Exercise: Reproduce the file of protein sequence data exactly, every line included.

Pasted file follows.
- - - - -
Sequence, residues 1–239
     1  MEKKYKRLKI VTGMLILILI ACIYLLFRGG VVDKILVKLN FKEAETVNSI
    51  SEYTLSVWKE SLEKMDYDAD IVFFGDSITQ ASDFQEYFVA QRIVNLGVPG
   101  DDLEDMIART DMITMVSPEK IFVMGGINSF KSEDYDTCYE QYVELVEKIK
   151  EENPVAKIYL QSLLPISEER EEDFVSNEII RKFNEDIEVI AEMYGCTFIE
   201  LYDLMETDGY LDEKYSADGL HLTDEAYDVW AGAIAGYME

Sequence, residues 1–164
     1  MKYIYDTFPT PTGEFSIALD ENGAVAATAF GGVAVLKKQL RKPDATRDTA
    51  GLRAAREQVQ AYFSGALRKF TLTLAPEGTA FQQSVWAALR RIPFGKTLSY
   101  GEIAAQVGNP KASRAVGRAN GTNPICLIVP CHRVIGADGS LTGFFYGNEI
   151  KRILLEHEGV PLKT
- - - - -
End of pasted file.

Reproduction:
Sequence, residues 1–239
     1  MEKKYKRLKI VTGMLILILI ACIYLLFRGG VVDKILVKLN FKEAETVNSI
    51  SEYTLSVWKE SLEKMDYDAD IVFFGDSITQ ASDFQEYFVA QRIVNLGVPG
   101  DDLEDMIART DMITMVSPEK IFVMGGINSF KSEDYDTCYE QYVELVEKIK
   151  EENPVAKIYL QSLLPISEER EEDFVSNEII RKFNEDIEVI AEMYGCTFIE
   201  LYDLMETDGY LDEKYSADGL HLTDEAYDVW AGAIAGYME

Sequence, residues 1–164
     1  MKYIYDTFPT PTGEFSIALD ENGAVAATAF GGVAVLKKQL RKPDATRDTA
    51  GLRAAREQVQ AYFSGALRKF TLTLAPEGTA FQQSVWAALR RIPFGKTLSY
   101  GEIAAQVGNP KASRAVGRAN GTNPICLIVP CHRVIGADGS LTGFFYGNEI
   151  KRILLEHEGV PLKT